Friday, March 29, 2013


My boys never wake up low.

Okay.  Never is a pretty final word.  Let's just say, lately...they rarely wake up low.

But this morning they woke up 55, 63 and 103.  Why?

Because the boys were getting their fasting labs done this morning, silly.  And nothing can be easy when it comes to diabetes.  I'm pretty sure that's a rule or something.

Anyway, they were low.  And understandably,  I was furious inside.  I was already 6 months behind getting them there.  I already forgot to bring them in every day of spring break last week.  This was my last chance to get it done without missing school.  Sure, technically Monday was an option too...but that is the day after Easter, and there was no way I was going to get labs done with pure chocolate running through their veins.

Wild eyed and panicked I say, "This is still happening!  Get dressed!"

I have the two boys with lows put in a temp. basal of zero for one hour.  Seriously, with the dawn phenomenon, and the way we stack insulin in the morning...there was no way they would drop more!


I told myself that anyway.  As we were walking out the door my 55 went up to 67.  So I was confident we could pull this off.

Except we show up to the lab and it seems the entire population of our town proper has shown up for their fasting labs this morning too.  I hear someone tell someone else the wait would be an hour and a half.  Outside I am completely calm and cool.  Inside, alarms are ringing all over the my gut, in my swelly brain, in my heart.  But my stubborn soul is screaming inside, "This is still happening!"

So since there isn't one place to sit in the rather large waiting room, my boys sit in the hallway while I wait in the lengthy line.  After about forever, with only one other person in front of me in the registration line, my swelly brain spontaneously hatches a plan.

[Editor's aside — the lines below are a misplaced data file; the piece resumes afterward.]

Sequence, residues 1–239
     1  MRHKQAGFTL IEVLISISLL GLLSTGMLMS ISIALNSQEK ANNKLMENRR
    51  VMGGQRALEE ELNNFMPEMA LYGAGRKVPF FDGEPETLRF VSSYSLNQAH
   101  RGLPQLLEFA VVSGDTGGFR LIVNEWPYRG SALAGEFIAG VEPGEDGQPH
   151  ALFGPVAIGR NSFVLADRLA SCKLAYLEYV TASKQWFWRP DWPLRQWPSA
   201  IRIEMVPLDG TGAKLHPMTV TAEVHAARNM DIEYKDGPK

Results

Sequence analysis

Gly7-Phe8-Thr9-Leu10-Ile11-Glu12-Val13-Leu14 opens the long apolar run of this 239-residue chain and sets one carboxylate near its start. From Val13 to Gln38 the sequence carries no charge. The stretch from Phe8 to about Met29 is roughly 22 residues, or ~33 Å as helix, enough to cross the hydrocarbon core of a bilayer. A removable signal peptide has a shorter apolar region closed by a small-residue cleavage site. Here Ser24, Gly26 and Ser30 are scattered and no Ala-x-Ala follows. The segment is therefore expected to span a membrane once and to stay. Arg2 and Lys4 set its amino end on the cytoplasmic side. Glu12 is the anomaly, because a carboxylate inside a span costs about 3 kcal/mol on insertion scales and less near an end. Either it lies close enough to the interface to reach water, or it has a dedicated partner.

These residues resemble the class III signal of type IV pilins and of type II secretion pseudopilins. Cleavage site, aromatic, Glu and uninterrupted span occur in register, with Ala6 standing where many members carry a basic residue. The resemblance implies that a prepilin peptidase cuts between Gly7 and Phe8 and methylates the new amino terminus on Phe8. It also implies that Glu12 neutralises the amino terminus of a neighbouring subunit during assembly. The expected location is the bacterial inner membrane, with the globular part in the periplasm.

I signal for the boys to come wait in line with me.  You should see them...they look like death.  They are pale, and mad that we were there, and the littlest was practically in tears.

It was perfect.  I had a leg up on all these other ticked off people.  Sure everyone had pathetic faces, but my kids had cute pathetic faces.  This was going to work.

We walk up to the counter, and totally casual like I say, "Hi.  All my boys have type 1 diabetes.  Two of them have low blood sugars right now and need some juice to get up.  Can you check if they can have the juice now while we wait, or do the lab orders indicate that isn't ok."  (See.  I'm playing stupid.  I know the lab orders say they can't, but I know if I ask to skip ahead of everyone else, I would get the eye roll.)

The woman took one look at the boys faces and said, "Wait here."  She walked in the back and then returned with a lab technician.  "This is Marcy, she'll take you right now."

I didn't turn around.  I wouldn't turn around.  Because in an instant I could physicallyfeel the gasps coming from the whole of the waiting room population.  We beat the system.  I didn't lie, they were low.  They couldn't wait an hour and a half, although we could have come back another day.

The boys took it all like champs.  I'm pretty sure this is the first time ever there were no tears.  Although I'm against growing up altogether, the boys growing up does have its perks. 

Urine tests weren't so successful.  L couldn't do it.  He couldn't go.  I give him an "A" for effort though.

All in all, we dodged a bullet and made it out alive.  Literally.

So obviously, I needed to reward the boys for valiantly sucking it up...

Donuts as big as their heads?

You betcha!


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